So my cousin asked me for recommendations for a laptop in the region of £350-400. Considering I haven’t looked for laptops for a while, I though I might use this exercise to find out what you can actually get for your money. I’m currently writing this post on my 6 year old laptop (a Toshiba M50 Satellite Pro) and I have to say, even though it’s getting on a bit now, it has seen me through thick and thin (I’ve written two dissertations and most of my second and third year courseworks on it, CV’s, websites, you name it) and I would very happily get a Toshiba laptop again. Also I’d say that it’s the most stable installation of Windows I’ve ever used.
I’ve also had bad experiences in the past with Acer laptops – my sister had one which was an absolute nightmare, both because of the Vista operating system and the hardware failing. I know everyone has different experiences with different hardware, but it’s amazing how loyal you can become to a brand when you experience something good on them. Anyways, you can actually get quite a lot of hardware in laptop form for your money these days – this one in particular caught my eye: http://www.ebuyer.com/265880-toshiba-satellite-pro-c660-1v0-laptop-psc0me-02300sen
Whilst I’m on the subject of computer hardware, I want to bring to your attention this website: http://sophiegerrard.com/SophieStoriesEwaste1.html It discusses (well, it shows you rather than discusses) the illegal transport of computer and electrical hardware waste to India where it is “recycled”. The recycling happens on the minutest scale usually involving putting the various different parts into vats of acid in order to extract the more precious metals from the melted down substances. The conditions this recycling is performed in is not only bad for the environment, but it severely affects the poor people who work on it. The moral of this story is, buy your computer hardware to last, and if you can’t find someone to donate your older hardware (if you’re anything like me you will always have some family who would benefit from an extra stick of RAM, or a hard drive or something) then make sure you take it to your local amenity centre where it can be properly and safely disposed of.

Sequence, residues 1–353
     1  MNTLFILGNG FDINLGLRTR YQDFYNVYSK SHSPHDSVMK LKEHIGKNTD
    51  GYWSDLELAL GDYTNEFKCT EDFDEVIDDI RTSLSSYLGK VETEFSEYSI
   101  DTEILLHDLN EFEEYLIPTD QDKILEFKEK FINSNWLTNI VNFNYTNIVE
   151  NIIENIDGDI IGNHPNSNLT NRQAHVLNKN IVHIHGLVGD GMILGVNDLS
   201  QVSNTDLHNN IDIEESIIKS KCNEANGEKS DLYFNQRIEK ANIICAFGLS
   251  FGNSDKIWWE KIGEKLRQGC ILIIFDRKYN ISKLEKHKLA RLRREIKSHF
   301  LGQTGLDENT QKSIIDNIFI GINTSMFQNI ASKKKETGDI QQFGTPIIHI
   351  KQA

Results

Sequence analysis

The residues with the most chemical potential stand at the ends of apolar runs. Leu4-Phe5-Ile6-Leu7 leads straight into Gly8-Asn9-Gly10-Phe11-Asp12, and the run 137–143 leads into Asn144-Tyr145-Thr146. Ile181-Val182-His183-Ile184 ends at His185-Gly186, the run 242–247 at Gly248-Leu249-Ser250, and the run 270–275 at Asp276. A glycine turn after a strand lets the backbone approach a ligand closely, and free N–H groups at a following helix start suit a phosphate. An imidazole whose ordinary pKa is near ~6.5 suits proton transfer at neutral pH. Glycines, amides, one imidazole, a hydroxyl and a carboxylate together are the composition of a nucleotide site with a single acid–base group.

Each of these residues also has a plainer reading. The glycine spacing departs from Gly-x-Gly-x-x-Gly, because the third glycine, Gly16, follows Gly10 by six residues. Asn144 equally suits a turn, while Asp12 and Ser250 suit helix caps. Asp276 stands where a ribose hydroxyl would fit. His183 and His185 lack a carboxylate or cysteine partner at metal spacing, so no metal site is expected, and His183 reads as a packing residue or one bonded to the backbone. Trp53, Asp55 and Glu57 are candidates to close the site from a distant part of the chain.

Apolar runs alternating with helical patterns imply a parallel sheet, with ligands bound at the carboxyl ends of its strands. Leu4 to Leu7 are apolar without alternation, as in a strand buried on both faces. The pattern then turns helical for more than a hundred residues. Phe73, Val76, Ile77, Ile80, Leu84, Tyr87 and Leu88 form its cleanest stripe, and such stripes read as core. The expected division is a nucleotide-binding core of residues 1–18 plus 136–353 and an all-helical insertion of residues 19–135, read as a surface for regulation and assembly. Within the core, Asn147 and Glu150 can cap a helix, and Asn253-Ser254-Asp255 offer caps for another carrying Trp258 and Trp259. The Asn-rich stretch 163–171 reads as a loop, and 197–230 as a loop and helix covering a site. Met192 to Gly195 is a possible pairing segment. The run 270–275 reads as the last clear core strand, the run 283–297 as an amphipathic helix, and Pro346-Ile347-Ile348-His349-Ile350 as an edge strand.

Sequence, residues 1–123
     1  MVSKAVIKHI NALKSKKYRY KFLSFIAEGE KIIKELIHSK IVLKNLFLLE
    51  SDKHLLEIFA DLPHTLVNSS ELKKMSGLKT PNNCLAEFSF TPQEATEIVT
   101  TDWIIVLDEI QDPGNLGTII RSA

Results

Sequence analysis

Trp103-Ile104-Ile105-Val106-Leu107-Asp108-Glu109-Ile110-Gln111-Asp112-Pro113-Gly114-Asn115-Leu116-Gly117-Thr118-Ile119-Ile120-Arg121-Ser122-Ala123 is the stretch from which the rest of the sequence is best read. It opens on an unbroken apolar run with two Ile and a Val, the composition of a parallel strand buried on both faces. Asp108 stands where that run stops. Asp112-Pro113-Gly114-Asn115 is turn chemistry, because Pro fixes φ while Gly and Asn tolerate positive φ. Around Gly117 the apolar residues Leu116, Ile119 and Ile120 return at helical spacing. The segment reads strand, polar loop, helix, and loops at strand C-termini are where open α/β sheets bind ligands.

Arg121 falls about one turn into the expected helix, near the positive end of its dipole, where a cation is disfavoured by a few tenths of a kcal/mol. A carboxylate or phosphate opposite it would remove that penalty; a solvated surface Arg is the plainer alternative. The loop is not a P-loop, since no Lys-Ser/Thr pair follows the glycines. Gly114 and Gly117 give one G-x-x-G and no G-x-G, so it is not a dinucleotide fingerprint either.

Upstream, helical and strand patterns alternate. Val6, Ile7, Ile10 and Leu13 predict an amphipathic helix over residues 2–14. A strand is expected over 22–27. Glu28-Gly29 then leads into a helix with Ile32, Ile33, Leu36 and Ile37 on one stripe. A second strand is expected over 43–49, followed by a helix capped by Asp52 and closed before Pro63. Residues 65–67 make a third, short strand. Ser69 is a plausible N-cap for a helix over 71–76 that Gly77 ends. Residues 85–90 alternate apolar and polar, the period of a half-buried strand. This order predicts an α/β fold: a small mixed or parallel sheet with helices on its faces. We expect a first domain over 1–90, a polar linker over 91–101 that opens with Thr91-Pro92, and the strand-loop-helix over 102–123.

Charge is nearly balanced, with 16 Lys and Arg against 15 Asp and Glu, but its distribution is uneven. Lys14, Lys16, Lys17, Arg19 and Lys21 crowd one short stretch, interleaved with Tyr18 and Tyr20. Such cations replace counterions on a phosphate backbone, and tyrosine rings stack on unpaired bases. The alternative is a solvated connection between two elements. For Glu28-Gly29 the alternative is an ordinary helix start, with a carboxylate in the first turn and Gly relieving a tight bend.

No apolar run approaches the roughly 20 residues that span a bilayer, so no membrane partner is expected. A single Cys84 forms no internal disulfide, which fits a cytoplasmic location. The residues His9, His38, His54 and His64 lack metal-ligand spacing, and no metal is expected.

iOS 5 was out yesterday to much fanfare, although apparently not if you’re me. I didn’t really enjoy the process of upgrading my iPad in the slightest and my faith in upgrading firmware has not been made any better by the ordeal. The first thing to go wrong was clicking “Update” when asked to update iTunes to the latest version and I received a Blue Screen Of Death. After restarting the computer, I managed to download the update pretty quickly, it extracted the files, and then as it put the iPad into recovery mode in order to install the new firmware, it decided the verification server couldn’t be reached. Now my iPad was no longer recognised by iTunes. After a few more attempts, it managed to verify it, but couldn’t no matter how many times it tried, restore my iPad. The screen was also just black and wouldn’t respond. Bricked it.
I left it until this morning and gave the iPad a bit of a charge, and luckily it actually calmed itself down a bit and restored beautifully. My first impressions of iOS 5 have been one of annoyance especially considering the apps haven’t been restored to the damn thing meaning I’ve had to go through the App Store and one by one reinstall them. This evening I tried updating my phone and with the exception of not putting my apps back in the right place, it worked seemlessly. I hate installing firmware, although thanks to the iCloud I will never ever ever have to use iTunes on Windows ever again (I hope).